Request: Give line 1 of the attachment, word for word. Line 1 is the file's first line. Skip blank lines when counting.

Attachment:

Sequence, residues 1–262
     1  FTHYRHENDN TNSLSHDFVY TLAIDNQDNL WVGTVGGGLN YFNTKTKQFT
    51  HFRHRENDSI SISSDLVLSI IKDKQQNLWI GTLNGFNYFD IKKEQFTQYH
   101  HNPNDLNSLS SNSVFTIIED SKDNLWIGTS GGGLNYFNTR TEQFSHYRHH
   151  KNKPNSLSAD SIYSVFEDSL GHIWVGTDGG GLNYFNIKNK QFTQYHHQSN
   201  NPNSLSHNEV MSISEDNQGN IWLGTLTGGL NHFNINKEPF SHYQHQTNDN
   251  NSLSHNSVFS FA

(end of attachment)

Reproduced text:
Sequence, residues 1–262